Notes before starting:
1. There are brief mentions of child abuse, rape/murder, and alcohol. Nothing graphic or prolonged.
2. The word "gypsy" is used as "free spirit' and not as a slur. Often, the name is shortened to its abbreviation as not to offend.
3. I belong to the Facebook group, but I rarely post my own work. I'm more of an audience member.
4. I may misinterpret meanings of certain pieces. I apologize in advance.
G.A.S. which stands for Gypsy Art Show has had many forms over the years and is the creation of poet/artist Belinda Subraman. It currently exists as a presentation showcase and Facebook group for creative folks. The presentations, though a newer project, are packed with content; the current video is no exception—the transitions are seamless, the audio balancing is great, and the selection is as eclectic as ever.
The first thing we're treated to is a short interview between Belinda and actress/artist Leslie Silva. Silva is a graduate of Juilliard and speaks passionately about her art as a celebration of Black women, aging, and internal divinity. Near the end of the interview, it switches to her art until the interview concludes. Her images are vibrant and powerful.
David Trudel reads two poems afterward. The first poem is called "Sepia Toned" and takes on wildfires caused by climate change. It is image-rich and held my attention throughout. His second poem, "Backseat Windows" takes a look at child abuse through the eyes of an adult with a safe childhood; it was an interesting piece, but it didn't grab me as much as his first poem. The recitation was smooth.
Mel Clarkston and James Clarkston take the viewers through a musical and artistic journey as Mel provides the artwork over James' two instrumental numbers. The music reminds me of Flamenco with the first song being longer and brighter than the second. The visual art adds (instead of distracts) from the music, and the second song has a music video experience attached. It was a lovely segment that felt utterly harmonious.
Donna Snyder's poem is a gut punch... a wake-up call. It takes on climate change, the police state, ICE, and more. It asks you to see what is actively happening and not just passively move through this current age. It's well-constructed, even beautiful, but the poem is a roaring beast.
Darlina Marie treats us to a hypnotic, contemporary belly dance. The music is a good accompaniment. The performance is grace.
Henry Stanton's poems are recited with his charcoal drawings on screen. His work is about connections, who we are to the world and each other, and how beauty comes into those connections. Both his visual art and poems portray the same message. The works are chosen well.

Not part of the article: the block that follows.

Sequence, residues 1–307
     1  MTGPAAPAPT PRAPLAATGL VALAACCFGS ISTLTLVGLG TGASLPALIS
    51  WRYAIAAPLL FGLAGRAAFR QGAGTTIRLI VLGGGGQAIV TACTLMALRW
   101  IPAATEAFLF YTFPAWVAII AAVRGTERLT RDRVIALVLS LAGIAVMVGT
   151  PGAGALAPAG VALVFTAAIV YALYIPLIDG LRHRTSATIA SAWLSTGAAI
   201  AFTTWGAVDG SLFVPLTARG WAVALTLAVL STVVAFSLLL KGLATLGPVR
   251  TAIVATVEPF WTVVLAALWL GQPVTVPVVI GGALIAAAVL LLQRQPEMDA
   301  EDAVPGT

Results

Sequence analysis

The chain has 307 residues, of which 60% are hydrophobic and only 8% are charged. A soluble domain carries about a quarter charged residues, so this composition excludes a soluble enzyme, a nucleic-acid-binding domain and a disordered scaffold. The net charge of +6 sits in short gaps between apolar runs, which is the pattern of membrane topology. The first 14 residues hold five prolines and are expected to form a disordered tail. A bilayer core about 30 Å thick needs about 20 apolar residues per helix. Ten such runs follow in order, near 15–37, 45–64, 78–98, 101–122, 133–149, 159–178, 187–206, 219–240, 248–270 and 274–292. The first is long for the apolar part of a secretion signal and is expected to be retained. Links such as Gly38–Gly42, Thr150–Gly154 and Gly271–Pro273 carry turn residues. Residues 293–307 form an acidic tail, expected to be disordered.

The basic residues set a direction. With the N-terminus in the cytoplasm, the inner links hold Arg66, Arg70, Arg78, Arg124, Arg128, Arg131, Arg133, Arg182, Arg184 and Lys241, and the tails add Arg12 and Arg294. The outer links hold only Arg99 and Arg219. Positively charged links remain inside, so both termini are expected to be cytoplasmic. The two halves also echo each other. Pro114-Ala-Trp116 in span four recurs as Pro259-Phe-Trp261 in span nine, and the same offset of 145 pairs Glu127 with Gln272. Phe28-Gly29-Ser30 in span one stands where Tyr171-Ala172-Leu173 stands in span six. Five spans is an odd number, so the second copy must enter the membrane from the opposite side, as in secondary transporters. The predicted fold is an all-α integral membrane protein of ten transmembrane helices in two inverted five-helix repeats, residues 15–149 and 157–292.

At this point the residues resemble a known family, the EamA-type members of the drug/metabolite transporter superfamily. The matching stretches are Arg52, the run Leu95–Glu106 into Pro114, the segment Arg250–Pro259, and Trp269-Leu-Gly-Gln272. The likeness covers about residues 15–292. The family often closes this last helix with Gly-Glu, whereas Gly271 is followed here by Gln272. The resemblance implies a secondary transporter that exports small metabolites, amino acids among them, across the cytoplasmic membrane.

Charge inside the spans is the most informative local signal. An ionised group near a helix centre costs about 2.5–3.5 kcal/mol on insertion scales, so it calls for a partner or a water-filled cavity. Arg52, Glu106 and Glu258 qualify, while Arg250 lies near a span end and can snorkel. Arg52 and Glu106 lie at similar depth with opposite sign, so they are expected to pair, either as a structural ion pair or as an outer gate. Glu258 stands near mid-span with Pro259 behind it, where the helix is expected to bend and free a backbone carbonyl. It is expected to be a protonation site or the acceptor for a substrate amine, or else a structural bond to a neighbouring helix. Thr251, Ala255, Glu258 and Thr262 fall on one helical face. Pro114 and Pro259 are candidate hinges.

Paul Brookes takes us through COVID-19 in his poem: The ways we try to keep safe, what is taken in our safety, how people react to the change and loss. It's depicted with accuracy and acute attention. Note: I'm American, so I had to go back and listen more than once because I'm not accustomed to his accent.
Tac TheMac does a walk-dance to a piece of music that reminds me of trance-mix. It's a brief segment that is joyful and fun.
Bart Solarczyk shares five short poems on gratefulness, loss, and friendship. I could feel every emotion he wrote about, and I almost cried when he talked about losing his wife (a fresh loss). It ended up being one of the most memorable parts of the show for me. One poem hits especially hard (quite a feat in brevity).
The Twisted Hams' rock song, "What Makes You Think" is a fun, catchy tune with a chorus I can't erase from my mind. There were points where I felt the lead singer was drowned out by the instruments, but it doesn't take away from the fact that it's really cool. Instead of having visual art to the song, we're treated to the group's low-budget music video that helps viewers see their personality.
Lawrence Barrett (an Army veteran) reads a poem I didn't understand the meaning of when I heard it. At first, I almost thought it was fetishistic. Then, I listened once more. The piece (from what I interpret) is about longing for a land you miss, yet never want to see again... like an ex-lover. There is a layer of sensuality to this piece even I didn't miss the first time through. Note: I'm probably incorrect.
The show's finale is a segment that takes everything good about G.A.S. and combines it. I won't spoil it for you, but music, poetry, and art come together to form a lovely conclusion.